acity of the deepset eyes.
"This is Doctor Renshaw, I believe," said Leigh tentatively.
"Doctor Renshaw is here," returned the other, indicating by a slight gesture a figure seated at the far end of the table, which now arose and came toward them. "Doctor, I venture to assume that I have the pleasure of making you acquainted with Mr. Leigh, our new professor of mathematics."
His words were distinctly spoken, but pitched in so low a tone that they produced an odd effect, as of purring.
It was now that Leigh discovered his mistake. The man whom he had taken for the president was Bishop Wycliffe, and it required but five minutes of conversation to show him that the bishop, not the president, was the significant personality.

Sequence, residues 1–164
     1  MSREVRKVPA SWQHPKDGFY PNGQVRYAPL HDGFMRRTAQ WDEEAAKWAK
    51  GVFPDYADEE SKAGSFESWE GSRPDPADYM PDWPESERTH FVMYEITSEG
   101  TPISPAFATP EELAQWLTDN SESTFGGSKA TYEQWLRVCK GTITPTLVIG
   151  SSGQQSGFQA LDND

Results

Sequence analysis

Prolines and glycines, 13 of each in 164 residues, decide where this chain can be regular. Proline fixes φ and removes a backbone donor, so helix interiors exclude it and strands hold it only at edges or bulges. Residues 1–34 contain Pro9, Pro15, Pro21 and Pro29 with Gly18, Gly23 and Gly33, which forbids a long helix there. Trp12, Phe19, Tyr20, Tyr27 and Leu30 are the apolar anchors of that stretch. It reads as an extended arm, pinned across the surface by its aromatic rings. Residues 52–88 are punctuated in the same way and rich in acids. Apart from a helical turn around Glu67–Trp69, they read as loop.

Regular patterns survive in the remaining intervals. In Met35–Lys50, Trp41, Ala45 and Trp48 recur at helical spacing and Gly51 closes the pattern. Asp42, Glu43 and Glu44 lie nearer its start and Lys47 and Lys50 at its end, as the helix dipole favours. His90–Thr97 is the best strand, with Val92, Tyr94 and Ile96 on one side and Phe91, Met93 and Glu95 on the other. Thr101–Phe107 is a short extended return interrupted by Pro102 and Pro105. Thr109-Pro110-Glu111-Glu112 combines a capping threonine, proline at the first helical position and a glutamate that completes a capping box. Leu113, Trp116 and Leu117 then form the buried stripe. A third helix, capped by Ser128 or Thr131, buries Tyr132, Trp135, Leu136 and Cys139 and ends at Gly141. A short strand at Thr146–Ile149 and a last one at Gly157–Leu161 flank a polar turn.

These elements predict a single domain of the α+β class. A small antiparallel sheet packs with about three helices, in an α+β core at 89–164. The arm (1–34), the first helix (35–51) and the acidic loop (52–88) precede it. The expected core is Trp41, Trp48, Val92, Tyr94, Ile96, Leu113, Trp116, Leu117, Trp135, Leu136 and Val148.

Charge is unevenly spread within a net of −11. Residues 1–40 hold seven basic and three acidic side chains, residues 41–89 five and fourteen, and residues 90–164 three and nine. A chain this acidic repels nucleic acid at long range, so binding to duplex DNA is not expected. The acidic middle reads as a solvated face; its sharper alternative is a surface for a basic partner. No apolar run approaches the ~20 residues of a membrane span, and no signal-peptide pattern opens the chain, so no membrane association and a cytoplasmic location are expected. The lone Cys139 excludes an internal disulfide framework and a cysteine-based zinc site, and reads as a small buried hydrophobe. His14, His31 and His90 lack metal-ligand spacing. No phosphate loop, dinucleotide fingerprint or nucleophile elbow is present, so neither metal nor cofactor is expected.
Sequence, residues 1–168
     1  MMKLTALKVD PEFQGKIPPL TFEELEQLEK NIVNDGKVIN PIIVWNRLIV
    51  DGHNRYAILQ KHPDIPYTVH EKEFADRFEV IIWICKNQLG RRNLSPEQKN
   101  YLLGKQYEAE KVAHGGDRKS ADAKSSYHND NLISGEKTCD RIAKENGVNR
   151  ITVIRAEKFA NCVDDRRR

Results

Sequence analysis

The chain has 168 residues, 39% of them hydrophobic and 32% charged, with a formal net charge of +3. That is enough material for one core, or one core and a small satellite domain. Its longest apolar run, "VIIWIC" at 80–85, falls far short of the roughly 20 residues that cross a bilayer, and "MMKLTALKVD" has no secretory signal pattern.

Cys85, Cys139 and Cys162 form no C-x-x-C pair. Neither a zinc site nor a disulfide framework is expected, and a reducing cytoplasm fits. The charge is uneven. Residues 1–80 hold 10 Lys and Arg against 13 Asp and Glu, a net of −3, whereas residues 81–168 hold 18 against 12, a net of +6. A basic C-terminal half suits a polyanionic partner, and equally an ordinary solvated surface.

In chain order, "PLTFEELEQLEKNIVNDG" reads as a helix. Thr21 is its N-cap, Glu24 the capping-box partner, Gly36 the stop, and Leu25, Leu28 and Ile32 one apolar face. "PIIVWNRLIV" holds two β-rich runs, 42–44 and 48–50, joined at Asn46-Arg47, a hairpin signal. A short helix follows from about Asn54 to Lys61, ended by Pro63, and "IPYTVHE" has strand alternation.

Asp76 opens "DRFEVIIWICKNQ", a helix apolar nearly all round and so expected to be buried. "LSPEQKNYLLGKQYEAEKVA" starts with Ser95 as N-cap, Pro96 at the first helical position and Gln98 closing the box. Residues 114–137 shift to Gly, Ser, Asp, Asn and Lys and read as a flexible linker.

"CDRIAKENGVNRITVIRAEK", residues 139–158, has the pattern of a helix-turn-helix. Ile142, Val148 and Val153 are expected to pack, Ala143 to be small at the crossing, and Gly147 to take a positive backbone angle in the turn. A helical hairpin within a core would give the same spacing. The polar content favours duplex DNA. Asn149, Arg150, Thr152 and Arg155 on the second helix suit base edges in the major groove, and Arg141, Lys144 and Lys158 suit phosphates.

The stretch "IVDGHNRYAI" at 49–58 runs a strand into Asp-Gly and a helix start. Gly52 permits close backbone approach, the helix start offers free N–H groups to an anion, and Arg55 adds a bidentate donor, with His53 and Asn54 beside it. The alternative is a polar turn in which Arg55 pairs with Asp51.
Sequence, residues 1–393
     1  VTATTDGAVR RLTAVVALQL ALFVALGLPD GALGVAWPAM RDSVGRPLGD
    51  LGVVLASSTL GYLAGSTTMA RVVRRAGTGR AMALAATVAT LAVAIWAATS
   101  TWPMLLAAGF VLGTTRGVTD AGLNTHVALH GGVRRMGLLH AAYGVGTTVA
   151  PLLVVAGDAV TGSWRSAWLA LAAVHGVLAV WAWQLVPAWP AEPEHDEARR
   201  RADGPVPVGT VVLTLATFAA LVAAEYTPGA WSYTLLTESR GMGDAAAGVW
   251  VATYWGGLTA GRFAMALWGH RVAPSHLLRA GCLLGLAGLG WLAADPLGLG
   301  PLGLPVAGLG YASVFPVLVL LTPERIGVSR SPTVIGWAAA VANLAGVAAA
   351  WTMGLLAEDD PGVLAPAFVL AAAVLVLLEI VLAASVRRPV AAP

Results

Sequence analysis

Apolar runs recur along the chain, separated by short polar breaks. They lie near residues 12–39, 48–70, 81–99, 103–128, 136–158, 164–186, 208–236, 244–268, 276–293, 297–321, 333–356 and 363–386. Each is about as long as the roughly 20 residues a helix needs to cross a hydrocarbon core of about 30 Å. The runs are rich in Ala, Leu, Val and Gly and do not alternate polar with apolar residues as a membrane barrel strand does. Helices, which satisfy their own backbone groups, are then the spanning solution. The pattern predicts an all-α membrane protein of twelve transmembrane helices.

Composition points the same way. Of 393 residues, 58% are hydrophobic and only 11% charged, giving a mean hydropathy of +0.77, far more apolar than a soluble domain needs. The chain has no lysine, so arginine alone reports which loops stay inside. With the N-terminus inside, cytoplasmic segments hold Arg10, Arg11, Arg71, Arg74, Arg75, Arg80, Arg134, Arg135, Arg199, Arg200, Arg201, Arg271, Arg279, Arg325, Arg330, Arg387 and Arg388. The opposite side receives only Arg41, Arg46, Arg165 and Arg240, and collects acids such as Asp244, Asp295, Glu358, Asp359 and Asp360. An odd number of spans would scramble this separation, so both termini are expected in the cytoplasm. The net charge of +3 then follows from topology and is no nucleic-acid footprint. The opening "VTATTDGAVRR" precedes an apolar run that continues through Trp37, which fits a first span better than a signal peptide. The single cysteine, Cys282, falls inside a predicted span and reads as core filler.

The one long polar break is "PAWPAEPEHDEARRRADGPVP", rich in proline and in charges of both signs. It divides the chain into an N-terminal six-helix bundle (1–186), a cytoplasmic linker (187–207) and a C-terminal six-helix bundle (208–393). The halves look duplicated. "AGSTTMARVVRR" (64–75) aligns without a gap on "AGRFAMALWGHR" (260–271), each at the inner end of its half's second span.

Doctor Renshaw might have been anywhere in the afternoon of life, and one felt instinctively that his sunset had antedated his meridian. He was like those ancients, spoken of with such disapproval by Cicero, who began to be old men early that they might cont
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